By Becky Loggia
In the continued struggle on foreign trade, China recently named 128 U.S. products that will be subjected to new tariffs.
According to the Washington Examiner, the proposed tariffs were in response to President Donald Trump’s push to impose America’s own tariffs on imports from the foreign country that would affect nearly $60 billion worth products made in China.
In a memo, Trump said that “this is the first of many” trade actions from the U.S., alluding to the idea that there will be more to come.
The 128 U.S. products named by China were said to include items such as pork, wine, fruit, and steel, and amounted to nearly $3 billion worth of goods, according to The New York Times.
A 15 percent tariff would also be applied to goods such as dried and fresh fruit, while a 25 percent tariff is reported to be placed on imports such as pork.
However, the sudden trade change was not without its warnings, as Chinese officials had previously stated that China would take action in a series of “two waves” if no solution was reached that would only prosper the relationship between itself and the U.S.
“China does not want a trade war with anyone,” a Chinese Embassy official in Washington said Thursday. “But China is not afraid of and will not recoil from a trade war.”
Chinese officials also stated that Beijing would be prepared for a trade war if called to it and that the foreign state is more than capable of riding the situation out until solutions were made.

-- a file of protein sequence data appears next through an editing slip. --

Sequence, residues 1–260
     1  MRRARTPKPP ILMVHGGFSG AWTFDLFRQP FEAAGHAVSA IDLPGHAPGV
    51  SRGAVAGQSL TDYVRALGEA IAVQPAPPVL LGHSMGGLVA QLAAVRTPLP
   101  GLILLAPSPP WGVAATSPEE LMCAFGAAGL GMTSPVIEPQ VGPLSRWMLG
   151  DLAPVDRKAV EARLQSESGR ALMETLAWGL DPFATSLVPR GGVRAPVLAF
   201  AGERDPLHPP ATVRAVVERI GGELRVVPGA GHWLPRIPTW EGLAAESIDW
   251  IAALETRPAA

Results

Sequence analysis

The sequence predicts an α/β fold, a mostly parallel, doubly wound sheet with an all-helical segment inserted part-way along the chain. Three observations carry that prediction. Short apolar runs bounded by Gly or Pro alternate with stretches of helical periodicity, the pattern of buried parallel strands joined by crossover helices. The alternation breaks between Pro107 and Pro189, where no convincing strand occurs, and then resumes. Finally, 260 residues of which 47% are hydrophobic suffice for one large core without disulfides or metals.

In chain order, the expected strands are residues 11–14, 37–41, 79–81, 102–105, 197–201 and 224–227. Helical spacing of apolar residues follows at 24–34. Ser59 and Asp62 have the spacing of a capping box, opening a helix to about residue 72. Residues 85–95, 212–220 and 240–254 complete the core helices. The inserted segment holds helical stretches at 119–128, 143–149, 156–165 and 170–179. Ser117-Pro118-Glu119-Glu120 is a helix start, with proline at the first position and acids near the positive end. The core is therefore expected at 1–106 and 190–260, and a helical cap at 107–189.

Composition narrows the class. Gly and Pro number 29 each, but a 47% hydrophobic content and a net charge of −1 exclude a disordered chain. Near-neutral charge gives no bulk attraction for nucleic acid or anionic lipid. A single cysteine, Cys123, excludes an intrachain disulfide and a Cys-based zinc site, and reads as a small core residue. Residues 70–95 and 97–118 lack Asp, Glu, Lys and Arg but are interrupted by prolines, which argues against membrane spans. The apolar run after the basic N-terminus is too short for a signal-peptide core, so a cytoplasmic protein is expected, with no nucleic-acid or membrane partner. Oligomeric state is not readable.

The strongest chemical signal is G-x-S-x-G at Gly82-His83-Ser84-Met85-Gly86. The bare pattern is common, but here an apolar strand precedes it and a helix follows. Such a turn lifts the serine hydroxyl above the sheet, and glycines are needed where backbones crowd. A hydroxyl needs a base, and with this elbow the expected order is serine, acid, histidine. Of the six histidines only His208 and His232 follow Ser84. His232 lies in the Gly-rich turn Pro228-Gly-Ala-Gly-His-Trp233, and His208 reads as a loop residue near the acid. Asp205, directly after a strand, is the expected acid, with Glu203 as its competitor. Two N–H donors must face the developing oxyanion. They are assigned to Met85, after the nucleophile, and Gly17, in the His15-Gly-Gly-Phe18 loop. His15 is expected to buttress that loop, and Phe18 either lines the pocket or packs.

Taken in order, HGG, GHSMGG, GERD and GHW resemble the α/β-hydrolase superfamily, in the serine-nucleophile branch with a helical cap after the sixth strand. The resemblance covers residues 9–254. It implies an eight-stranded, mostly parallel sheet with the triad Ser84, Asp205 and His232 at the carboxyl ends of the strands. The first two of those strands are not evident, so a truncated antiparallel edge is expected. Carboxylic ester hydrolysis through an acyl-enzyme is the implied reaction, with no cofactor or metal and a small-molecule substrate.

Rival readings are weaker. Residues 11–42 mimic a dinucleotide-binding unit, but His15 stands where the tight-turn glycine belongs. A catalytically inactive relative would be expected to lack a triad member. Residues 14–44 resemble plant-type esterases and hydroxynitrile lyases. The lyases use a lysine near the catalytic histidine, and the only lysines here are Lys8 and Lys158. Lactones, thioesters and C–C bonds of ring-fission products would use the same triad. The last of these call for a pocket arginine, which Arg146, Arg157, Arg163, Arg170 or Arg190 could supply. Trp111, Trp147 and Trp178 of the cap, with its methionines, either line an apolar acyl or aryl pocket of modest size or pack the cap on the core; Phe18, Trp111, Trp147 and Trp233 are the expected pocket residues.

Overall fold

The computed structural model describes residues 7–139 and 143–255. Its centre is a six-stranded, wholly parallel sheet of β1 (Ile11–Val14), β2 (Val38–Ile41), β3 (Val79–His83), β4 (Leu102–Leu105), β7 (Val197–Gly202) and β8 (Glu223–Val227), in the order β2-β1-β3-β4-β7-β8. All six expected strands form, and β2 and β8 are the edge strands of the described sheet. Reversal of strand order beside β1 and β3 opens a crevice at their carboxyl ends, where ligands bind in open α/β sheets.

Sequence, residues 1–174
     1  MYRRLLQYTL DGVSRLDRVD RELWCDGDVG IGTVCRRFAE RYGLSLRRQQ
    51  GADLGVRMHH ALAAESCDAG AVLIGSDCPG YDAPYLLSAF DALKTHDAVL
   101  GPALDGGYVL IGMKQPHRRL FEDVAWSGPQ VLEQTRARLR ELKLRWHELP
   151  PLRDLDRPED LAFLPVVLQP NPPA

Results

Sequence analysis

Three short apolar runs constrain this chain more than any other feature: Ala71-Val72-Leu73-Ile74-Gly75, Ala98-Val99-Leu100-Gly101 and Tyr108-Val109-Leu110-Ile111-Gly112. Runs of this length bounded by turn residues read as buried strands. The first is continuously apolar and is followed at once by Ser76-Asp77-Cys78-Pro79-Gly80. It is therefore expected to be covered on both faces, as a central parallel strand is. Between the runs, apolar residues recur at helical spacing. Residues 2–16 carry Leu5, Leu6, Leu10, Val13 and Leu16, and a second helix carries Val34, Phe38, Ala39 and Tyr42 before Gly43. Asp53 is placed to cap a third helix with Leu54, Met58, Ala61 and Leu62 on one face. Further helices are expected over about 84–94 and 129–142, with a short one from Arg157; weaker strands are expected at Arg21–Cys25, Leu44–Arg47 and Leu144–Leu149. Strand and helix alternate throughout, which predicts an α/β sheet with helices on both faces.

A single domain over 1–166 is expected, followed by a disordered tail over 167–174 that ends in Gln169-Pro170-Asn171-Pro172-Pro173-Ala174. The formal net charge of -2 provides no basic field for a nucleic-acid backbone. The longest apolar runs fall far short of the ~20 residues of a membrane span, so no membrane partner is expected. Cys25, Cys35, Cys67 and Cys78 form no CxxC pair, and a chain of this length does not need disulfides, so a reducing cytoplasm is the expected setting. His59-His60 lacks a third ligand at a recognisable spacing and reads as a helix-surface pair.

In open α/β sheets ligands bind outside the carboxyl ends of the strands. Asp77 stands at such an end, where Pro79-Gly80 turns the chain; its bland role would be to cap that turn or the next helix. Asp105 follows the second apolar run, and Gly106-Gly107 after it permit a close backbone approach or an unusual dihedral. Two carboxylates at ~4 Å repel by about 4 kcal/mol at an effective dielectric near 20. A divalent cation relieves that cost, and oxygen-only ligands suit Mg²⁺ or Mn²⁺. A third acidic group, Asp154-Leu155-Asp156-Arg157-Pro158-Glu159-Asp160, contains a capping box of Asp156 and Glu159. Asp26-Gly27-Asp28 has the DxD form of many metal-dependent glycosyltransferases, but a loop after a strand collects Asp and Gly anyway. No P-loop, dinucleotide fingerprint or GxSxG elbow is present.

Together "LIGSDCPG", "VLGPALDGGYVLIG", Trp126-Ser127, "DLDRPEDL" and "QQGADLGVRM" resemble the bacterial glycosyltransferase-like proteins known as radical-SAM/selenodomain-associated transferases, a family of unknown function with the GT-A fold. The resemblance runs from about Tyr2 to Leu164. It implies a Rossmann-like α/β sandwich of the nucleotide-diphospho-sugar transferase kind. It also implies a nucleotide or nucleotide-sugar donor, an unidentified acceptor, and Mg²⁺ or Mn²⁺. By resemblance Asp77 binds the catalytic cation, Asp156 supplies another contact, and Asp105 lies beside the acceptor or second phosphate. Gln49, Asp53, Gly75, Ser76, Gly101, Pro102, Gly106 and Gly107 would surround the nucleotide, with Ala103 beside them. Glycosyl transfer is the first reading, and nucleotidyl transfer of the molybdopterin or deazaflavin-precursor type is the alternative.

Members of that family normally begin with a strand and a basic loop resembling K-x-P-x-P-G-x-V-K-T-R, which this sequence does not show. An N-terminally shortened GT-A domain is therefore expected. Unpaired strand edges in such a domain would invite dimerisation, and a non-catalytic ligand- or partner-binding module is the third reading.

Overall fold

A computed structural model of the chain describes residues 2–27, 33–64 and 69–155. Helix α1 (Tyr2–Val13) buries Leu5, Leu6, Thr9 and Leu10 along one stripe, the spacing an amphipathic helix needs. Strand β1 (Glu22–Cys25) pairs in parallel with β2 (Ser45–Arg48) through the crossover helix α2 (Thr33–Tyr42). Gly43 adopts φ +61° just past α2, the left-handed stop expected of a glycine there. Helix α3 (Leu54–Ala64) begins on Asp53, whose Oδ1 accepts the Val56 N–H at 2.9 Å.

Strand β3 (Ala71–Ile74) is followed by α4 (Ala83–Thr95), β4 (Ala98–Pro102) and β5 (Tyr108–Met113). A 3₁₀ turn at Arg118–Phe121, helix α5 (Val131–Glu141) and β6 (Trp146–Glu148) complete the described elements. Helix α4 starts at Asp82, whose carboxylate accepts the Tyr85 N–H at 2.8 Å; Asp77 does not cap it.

“China is confident and capable of facing any challenge,” the statement continued. “If a trade war were initiated by the U.S., China would fight to the end to defend its own legitimate interests with all necessary measures.”
Officials stated that that tariffs imposed by China would effectively “balance out” the numerous losses the country would sustain by the sanctions laid out by the Trump administration.
The foreign embassy further alleged that the U.S.-imposed tariffs would only have a negative impact on America’s future of consumerism, calling the tariffs “self-defeating.”
“We urge the U.S. to cease and desist, make cautious decisions,” the statement said. “And avoid placing China-U.S. trade relations in danger with the purpose of hurting others that eventually end up hurting itself.”
Reports were also made that suggested China would possibly take legal action within the detailed framework of the World Trade Organization.
However, officials at the White House remain adamant about the newly-imposed tariffs, claiming that the sanctions on Chinese-made goods were punishment for the foreign country’s reported “use of pressure and intimidation” in order to obtain both technology and trade secrets of the U.S.
“We do seem to be entering a trade war,” said Eswar Prasad, who is a senior professor of trade policy at Cornell University. “The U.S. has unsheathed its sword after an extended period of saber rattling and the Chinese are now unsheathing their weapons.”
Though experts such as Prasad and others continue to hope for the best and that a solution may be found between the negotiating countries, Prasad highlights that both leaders of their nations — especially Trump — will make whatever political move necessary in order to advance their respective countries.
“I hope this will not spiral into a very broad set of sanctions on both sides,” Prasad added. “But I think, given Mr. Trump’s instincts and his very keen desire to deliver a political win whatever the political fallout might be, I don’t think it can be tamped down now.”